The Writing

20 November, 2011

losing metal points, and elk

I spent three hours in the kitchen this afternoon. I made kale salad and curry meatballs, which involves a lot of chopping the same thing for both dishes. Carrots. Apples. Onions. And then, for variety, a leek! Crazy times. I never thought of apples as something for cooking (except for desserts) before I got my Scandinavian cookbook, even though I knew about "cooking apples." I thought they meant for pie. Now I am looking for things to which I can add apples. The good part of three hours in the kitchen is I have enough meatballs for 4 separate meals for the pair of us. And I have enough kale salad for a herd of wildebeests, which means the pair of us will be eating a lot of that this week. But it's kale. It's a superfood! And we both like it, which is rare and wonderful for greens. Usually we just suck it up and eat the damn things because They Are Good For Us(tm).

 Anyway. This cookbook is responsible for both kale salad and meatballs. Shan got it for us last Yule, and it's pretty damn awesome. I count three Viking/Scandinavian cookbooks in our possession, not counting the √¶belskiver cookbook (which Shan also got for me. Do we sense a theme?). I intend to add the Nordic Diet to our collection this year. Anyway, with the exception of aforementioned √¶belskiver, all of the cookbooks include game meat. Elk. Moose. Venison. Reindeer. (oh, Donner!) We count ourselves fortunate if we can find bison around here (yes, but only at Whole Foods). So we were pretty happy when we stopped at the local Sprouts on Friday (because we walk through grocery stores for fun) and found ground venison, wild boar(!), and elk. From New Zealand, mind, but whatever. We stood there for 10 minutes debating the merits of which to buy, and settled on the elk. And it, along with a package of bison, went into the meatballs. Yes, you can tell a difference. Elk's a super dark-red meat, not much fat. I haven't had it since I was a kid, when my dad shot one and brought it home (we lived in South Dakota at the time, and I wanted so badly to go hunting with him; but my mother decreed it too cold for me to go with him. I think it was because I was a little girl, and not a little boy). Anyway, Dad shot this elk and brought her home and hung her carcass in the front yard from the tree and butchered her. He'd skinned and dressed her already; this was the sawing into pieces part of the process. I remember vividly the sound the saw made going through her spinal column. I remember the texture of her muscles in their little sheath of viscera. I watched him butcher her and bring her pieces inside. My mother was Profoundly Unhappy(tm) with the color of the meat, but she cooked it. I remember loving the elk chili. I also remember getting violently ill shortly thereafter, and blaming the elk (unfairly). I wish we could get elk steak, but I'm pretty happy to've found it at all. If I make sausage stuffing this winter, I'll definitely use the wild boar stuff. I'm curious if there's as marked a difference between wild pig and domestic as there is between tame cow and bison.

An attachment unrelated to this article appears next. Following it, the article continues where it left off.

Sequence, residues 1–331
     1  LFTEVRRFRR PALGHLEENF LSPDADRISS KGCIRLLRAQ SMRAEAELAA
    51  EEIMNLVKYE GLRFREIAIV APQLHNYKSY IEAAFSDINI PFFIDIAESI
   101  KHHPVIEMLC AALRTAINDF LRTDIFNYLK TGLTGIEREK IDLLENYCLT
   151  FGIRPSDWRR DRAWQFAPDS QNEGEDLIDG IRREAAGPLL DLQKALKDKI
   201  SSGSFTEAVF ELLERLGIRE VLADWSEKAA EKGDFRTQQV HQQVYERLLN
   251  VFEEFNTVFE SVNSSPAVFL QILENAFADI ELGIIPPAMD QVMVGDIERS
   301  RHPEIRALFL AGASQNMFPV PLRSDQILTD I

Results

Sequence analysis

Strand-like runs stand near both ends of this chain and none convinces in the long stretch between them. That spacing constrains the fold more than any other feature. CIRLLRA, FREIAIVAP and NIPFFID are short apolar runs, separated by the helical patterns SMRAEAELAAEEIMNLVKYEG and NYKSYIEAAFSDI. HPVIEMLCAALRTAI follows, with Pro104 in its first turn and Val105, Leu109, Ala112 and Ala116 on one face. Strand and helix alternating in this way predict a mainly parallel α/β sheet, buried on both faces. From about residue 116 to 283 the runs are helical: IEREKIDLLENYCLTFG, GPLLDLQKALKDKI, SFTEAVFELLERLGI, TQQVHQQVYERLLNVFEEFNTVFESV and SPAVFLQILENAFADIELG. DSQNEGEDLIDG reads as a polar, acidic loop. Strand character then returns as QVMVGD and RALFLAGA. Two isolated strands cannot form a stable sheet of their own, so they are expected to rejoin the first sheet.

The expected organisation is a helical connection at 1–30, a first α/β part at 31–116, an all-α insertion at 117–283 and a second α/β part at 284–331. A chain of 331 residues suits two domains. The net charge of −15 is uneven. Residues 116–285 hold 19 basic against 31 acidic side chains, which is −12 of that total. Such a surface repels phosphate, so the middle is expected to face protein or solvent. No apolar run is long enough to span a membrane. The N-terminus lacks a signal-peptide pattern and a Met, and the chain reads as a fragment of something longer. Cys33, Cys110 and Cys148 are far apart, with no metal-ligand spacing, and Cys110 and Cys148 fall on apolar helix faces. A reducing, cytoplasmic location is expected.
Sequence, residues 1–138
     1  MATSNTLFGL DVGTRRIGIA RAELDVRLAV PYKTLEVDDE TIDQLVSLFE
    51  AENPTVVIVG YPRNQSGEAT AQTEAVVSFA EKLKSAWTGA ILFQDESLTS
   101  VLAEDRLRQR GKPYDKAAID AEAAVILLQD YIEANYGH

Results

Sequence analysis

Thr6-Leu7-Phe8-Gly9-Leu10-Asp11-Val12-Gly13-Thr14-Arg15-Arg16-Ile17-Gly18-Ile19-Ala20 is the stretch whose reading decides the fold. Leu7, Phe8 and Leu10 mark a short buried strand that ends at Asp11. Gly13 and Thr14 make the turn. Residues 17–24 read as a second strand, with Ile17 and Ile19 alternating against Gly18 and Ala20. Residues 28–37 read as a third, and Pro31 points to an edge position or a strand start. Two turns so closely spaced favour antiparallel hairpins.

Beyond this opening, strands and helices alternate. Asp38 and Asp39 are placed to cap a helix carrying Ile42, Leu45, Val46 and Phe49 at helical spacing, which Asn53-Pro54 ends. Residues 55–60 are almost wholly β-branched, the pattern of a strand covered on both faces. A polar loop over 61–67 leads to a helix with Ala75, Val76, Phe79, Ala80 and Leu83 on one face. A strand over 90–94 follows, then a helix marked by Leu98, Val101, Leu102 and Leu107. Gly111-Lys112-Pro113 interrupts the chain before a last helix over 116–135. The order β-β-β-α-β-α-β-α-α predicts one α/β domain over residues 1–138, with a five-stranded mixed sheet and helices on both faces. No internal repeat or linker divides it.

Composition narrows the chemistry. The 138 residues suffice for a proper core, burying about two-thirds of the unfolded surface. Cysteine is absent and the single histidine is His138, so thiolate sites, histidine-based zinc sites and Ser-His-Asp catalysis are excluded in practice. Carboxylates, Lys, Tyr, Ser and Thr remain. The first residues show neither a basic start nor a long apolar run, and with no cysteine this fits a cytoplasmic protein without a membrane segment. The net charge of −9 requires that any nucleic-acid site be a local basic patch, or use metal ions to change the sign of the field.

But the whole point of this post was how I entertained myself while doing the megacookathon. Lady Gaga (newly acquired from the Rat). Dude. I lost so many metal points.  Nous says I am more metal not giving a damn how unmetal Gaga is than if I didn't listen to her because it's not metal. ...because, as we all know, I sit around worrying about whether or not I am sufficiently metal.

Anyway. I think it's appropriate to make a two-meat meatballs while rocking out to the chick who wore a meat dress to the VMAs last year. Well. I like to think I was rocking out, but I know me, and I know how I look when I dance, and I am hoping like hell the solid sheet of rain outside kept any neighbors from seeing that performance.